And I read this yesterday. So I'll be starting in on loaf number 1 shortly. Details to follow.
Now there's a pot of lentil soup on the stove bubbling away. The onions, celery, and carrots sauted in bacon drippings. Then I added in the water, tomato paste, sweet and hot italian sausage, the chopped bacon, and the lentils. After 15 minutes the potatoes went in. After another fifteen the chopped parsley went in. The thyme and bay leaves have been doing their job the whole time.
UPDATE: The dough is covered by a damp cloth and rising in a warm place as we speak (er, um...as I type).
Sweet Jebus, I'm BAKING!
Monday, December 8, 2008
visiting pops and B for the first time since july-ish. dad's brain moves in mysterious ways. so he suggested osso bucco. he couldn't tell you why, but he knew i liked it and B made it well. those two things were enough.
he didn't remember the pile of bones on my plate last christmas as i collected everyone's leftovers to spread marrow on toast. had to cut more rustic baguette. just for marrow. as it should be.
dad's anti-carb these days and serious about it. six inches gone from his waist serious. working hard and getting results serious. so there's baked asparagus. this is okay in my mind because a) i love asparagus, and b) i will love asparagus in my frittata tomorrow morning too!
the main event was delicious. i helped by keeping B company while she cooked and by stirring risotto. and stirring. and discussing whether to leave the grains a bit al dente with some liquid left in the pan (which would get soaked up by the melting cheese added off heat at the end), or whether an extra ladle or two and several minutes of stirring to get completely cooked grains and no liquid left at all was the 'preferred' way. my vote's for method one. B's is for method two. either way, you're getting something damn tasty...so don't complain.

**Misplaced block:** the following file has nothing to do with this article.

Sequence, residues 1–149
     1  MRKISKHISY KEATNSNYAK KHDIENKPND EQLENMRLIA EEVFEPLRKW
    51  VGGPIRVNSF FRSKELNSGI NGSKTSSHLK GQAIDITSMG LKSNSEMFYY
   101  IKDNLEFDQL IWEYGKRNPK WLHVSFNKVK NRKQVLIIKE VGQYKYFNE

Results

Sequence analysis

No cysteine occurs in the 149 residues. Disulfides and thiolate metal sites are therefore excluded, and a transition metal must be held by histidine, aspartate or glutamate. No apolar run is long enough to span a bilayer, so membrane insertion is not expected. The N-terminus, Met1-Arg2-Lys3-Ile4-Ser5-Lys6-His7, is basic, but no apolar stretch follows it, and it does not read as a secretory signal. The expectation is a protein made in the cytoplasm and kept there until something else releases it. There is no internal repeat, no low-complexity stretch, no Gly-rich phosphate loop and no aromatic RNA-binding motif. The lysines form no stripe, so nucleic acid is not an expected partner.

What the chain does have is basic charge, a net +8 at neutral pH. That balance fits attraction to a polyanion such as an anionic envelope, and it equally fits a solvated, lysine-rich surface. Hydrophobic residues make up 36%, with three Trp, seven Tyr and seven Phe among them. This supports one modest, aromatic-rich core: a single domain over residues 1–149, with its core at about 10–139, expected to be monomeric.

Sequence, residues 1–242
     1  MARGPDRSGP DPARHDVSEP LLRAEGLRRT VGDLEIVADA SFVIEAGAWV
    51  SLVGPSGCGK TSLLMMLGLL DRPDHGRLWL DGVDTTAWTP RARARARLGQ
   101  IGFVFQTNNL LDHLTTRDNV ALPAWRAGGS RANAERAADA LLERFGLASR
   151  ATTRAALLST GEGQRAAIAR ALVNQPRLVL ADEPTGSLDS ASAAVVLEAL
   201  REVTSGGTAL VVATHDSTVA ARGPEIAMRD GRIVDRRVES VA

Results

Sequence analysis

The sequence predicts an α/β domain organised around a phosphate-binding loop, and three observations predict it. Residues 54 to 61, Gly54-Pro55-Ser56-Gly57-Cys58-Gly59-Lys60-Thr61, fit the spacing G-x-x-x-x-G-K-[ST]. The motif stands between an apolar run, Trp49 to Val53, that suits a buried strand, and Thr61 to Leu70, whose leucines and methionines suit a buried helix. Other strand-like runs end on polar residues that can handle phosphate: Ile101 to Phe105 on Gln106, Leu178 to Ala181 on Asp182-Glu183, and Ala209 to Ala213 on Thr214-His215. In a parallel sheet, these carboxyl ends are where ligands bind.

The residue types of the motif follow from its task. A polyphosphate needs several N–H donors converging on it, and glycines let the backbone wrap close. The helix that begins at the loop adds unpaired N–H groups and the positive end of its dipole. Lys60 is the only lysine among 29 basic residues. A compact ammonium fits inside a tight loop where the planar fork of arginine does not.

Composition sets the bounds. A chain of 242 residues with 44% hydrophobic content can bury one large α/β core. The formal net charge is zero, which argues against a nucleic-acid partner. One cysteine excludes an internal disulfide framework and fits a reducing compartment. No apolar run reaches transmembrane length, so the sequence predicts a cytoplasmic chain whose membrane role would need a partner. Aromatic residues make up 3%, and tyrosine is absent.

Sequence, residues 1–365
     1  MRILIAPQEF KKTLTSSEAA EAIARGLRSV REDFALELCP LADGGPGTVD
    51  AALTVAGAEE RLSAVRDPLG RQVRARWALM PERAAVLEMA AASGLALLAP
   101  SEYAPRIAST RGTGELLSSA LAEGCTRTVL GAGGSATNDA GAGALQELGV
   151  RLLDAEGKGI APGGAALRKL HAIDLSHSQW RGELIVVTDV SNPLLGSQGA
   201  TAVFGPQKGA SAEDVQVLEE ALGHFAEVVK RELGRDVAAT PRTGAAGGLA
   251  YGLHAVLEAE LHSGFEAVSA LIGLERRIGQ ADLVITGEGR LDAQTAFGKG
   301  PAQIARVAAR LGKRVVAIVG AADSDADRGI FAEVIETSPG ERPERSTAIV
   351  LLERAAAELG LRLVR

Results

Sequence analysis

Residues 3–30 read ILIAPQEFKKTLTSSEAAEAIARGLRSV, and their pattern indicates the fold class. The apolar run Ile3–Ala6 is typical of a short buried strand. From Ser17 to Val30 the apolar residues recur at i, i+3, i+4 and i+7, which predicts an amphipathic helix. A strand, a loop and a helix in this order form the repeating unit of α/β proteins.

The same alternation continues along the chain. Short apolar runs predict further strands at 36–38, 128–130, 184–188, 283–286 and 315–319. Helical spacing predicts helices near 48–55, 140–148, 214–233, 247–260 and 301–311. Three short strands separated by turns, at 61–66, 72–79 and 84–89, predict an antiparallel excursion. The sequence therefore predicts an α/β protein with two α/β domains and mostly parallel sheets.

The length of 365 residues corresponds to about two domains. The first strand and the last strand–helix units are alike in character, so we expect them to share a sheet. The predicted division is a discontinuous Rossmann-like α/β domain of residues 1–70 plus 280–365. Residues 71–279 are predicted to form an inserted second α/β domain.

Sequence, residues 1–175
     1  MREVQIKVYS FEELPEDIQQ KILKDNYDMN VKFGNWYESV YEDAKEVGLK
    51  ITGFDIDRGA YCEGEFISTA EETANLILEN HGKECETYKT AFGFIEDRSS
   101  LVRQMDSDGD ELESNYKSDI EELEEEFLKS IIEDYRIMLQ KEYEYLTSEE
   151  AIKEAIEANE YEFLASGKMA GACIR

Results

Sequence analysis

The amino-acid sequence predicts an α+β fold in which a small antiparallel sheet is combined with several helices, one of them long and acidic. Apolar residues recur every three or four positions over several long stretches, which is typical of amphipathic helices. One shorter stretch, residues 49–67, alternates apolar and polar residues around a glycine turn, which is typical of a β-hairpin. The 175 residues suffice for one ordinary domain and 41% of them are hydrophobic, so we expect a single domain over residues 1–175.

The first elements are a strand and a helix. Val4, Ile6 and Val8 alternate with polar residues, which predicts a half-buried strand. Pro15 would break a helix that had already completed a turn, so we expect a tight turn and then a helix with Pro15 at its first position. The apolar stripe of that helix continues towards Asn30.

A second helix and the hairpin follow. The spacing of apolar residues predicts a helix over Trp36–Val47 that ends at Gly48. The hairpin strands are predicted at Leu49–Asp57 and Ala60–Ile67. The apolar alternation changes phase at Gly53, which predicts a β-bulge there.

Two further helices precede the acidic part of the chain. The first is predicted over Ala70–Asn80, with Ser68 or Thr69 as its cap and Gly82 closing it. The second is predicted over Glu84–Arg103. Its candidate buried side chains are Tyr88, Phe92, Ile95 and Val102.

Saturday, December 6, 2008
As an added bonus, tell me what 'Milanese' dish I'm having with it.
Trust me, I'll be telling you how fabulous it was shortly, and I'll have pictures.
Need a clue? A second-meal use for this dish involves Bourdain's death row meal from before he ate with Fergus...(yes, I am THAT dork. Deal, you love me or want me to cook for you, or both).
Monday, December 1, 2008
Nestled against the Monongahela National Forest and a few short miles of WV Route 39 from the Virginia Border and Bath County, the family farm house was built in the winter of 1884-1885. 44 years ago, after retiring from the ministry, my Grandfather and Grandmother were back at the farm house built by Ella and Preston Rexrode (my Grandmother's parents).
Mom came home from college for Thanksgiving that year.
After that, Grandma and Grandpa moved to Ravenswood in Jackson County on the Ohio River to live near my Aunt and Uncle.
Since there was no insulation, no HVAC system, and little else in the way of modern convenience; the farm house stood vacant from October to late-March every year since. The water shut off to keep the pipes from freezing in the winter.
I spent summers there, sometimes two-week vacations, sometimes for seven weeks at the camp in town with the occasional night at the farm when the family was visiting.
We'd walk the road down to Max and Rene's on Saturday's to watch cartoons, passing the milkweed pods along the way.
Now I was back in late November, with the milkweed along the creek giving up it's wispy seeds to the wind.
Cold air and a little snow higher up the hillsides on the drive in to the house.
There were Winterberries at the edge of the high field by the barn and down from the old orchards.
Brilliant red against the muted greens and yellows of the winter hay field. A bed and breakfast for the deer, providing shelter from the wind and a ready meal in the mornings and evenings.
We cooked our meal on Friday this year, a slight twist to the traditional day so that Bec and John could spend Thursday with John's family in Morgantown.
John had finished building their new house a few short months ago. The radiant-floor heating and concrete kitchen counters. The back deck and the little-brother suite.
It's nice, I'll blog food from there soon.